Can I mention the C word?

Written by
Ian Holloway

04 Dec 2015

04 Dec 2015 • by Ian Holloway

Tis the season to cause havoc

To be honest, the annual event is an employment law nightmare for HR - just thinking of the potential implications of the ill-judged use of mistletoe and the photocopier is enough to put any employer off holding a party in the first place!

Importantly, however, I want to highlight the employer's duty of care to their employees under the Health and Safety at Work Act 1974 (and Northern Ireland equivalent). The Act does place a general duty of care on employees to take reasonable care of their own health and safety whilst at work, plus any other person that may be impacted by their acts.  Similarly, and crucially, the employer has a duty of care under the same Act to employees in the course of their employment - therefore, this duty of care can extend outside of the workplace, especially relevant in organised workplace functions such as the Christmas party. 

My area of focus is the significant issue faced by employers at parties where alcohol is provided to employees (or workers to be more accurate).  This is where the employer has to be really careful.  In the first instance, it is worth pointing out the drink-driving limits that apply in the UK.  Using powers in the Scotland Act 2012, levels were amended in Scotland from 05 December 2014 to bring them more into line with other European countries:

Level of alcohol

•    Breath - 35 microgrammes per 100 millilitres of breath (22 in Scotland)
•    Blood - 80 milligrammes per 100 millilitres of blood (50 in Scotland)
•    Urine - 107 milligrammes per 100 milligrammes of urine (67 in Scotland)

However, as everyone should know, it is impossible to say the amount of alcohol that a person would need to drink to push them over the limit, as this varies from one person to another depending on factors such as:

•    weight
•    gender
•    metabolism
•    the drink itself
•    stress levels at the time of drinking, and
•    age

Right at the start, therefore, employers have a dilemma in that tolerances are different depending where you are in the UK and the make-up of the Christmas party. So, recognising that the duty of care to workers extends beyond the workplace, what should a responsible employer look at when organising a party where there is the possibility that excessive alcohol could be consumed?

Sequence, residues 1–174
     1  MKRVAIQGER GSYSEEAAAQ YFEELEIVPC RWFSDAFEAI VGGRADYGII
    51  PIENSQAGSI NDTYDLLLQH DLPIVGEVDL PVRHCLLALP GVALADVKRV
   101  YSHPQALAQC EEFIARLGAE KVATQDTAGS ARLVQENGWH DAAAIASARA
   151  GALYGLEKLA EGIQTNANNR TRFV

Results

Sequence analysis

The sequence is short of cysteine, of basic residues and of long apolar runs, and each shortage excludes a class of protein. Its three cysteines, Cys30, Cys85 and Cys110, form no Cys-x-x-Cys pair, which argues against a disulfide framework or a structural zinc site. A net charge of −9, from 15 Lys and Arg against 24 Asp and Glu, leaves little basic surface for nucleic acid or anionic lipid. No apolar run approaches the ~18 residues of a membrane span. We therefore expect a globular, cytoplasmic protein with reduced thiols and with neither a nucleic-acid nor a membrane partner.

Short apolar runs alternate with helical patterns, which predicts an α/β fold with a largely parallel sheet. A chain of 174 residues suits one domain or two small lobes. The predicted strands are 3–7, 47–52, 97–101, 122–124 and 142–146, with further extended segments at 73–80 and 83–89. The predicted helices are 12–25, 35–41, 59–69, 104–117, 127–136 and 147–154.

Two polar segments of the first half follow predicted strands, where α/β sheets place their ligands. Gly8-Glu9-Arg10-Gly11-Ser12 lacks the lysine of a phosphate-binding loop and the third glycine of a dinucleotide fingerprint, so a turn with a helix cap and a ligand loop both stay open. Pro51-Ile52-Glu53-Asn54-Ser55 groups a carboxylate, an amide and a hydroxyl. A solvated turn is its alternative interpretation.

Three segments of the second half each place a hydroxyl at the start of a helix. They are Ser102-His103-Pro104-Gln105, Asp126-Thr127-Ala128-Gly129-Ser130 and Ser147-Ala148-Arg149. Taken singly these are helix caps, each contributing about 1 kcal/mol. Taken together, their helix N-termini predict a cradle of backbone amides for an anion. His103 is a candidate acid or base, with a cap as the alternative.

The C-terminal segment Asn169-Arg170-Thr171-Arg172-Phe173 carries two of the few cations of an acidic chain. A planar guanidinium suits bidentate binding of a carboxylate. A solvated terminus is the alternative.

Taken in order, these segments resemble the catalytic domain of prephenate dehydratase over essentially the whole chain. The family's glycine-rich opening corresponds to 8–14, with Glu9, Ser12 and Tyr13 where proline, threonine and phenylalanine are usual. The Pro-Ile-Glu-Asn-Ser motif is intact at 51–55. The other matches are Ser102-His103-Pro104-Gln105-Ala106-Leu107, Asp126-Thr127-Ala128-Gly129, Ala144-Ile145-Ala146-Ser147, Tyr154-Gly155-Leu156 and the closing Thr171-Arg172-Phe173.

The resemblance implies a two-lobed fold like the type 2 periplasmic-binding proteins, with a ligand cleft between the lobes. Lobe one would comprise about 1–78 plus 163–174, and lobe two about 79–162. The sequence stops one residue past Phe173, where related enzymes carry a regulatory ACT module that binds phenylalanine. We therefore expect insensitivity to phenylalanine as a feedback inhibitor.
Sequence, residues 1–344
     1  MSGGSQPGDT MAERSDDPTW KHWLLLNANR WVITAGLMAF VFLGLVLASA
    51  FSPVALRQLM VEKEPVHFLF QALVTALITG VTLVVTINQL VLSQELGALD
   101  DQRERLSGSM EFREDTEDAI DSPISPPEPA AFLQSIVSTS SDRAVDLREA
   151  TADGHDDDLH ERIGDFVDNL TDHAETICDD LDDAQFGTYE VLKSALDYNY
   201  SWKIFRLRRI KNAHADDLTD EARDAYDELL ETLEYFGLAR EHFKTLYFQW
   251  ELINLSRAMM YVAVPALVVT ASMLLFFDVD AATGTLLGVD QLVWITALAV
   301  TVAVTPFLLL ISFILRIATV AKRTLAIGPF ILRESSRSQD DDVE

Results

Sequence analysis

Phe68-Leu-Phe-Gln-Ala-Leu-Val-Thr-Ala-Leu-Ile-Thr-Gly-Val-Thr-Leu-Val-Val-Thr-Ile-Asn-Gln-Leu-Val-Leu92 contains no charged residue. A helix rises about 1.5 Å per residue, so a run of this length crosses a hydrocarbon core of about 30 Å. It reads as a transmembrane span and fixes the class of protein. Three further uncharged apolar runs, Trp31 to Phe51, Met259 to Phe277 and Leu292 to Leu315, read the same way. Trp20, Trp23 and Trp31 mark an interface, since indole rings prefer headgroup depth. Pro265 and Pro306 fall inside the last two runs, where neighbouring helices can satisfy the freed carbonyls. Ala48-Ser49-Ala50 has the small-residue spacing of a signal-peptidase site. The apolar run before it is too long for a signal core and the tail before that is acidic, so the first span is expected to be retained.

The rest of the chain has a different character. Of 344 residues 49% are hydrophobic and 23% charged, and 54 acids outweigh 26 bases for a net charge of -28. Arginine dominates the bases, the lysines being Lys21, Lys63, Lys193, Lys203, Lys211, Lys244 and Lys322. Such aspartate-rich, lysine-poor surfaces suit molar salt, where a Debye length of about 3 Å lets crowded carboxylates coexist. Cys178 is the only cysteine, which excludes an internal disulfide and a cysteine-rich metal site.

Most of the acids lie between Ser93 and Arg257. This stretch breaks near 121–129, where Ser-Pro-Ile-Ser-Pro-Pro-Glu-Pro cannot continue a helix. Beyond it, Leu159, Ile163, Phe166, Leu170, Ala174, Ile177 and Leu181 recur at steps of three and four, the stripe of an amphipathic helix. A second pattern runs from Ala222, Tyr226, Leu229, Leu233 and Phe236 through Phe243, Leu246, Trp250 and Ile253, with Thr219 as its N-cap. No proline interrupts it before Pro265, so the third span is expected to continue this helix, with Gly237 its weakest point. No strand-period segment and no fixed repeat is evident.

Things to consider

•    communicating the organisation's alcohol policy before the party
•    reminding employees to organise their journey home, taking into account things like last train times or, perhaps, car-sharing with someone who is not drinking alcohol
•    making available transport to get workers home - mini buses, taxis etc.  This may be as simple as ensuring that each worker is provided with a list of local taxi firms 
•    a 'free bar' may be considered an encouragement to excessive alcohol consumption.  Possibly, an employer may want to limit the supply of alcoholic drinks by ensuring that there are low or non-alcoholic alternatives (as well as soft drinks and water) 

In addition, an employer also needs to look to be aware of potential claims of unfair treatment for workers whose religion forbids alcohol.  The provision of plenty of non-alcoholic alternative drinks should avoid this.    

An employer needs to be prepared well in advance of the party itself and mitigate the risks of their workers posing risks to themselves and others. Such preparation, specifically alcohol in this article, will demonstrate that the employer recognises their duty of care and reduce the employer's own risk of liability afterwards.

Note that this duty of care applies to any function that the employer may facilitate and is not limited to Christmas.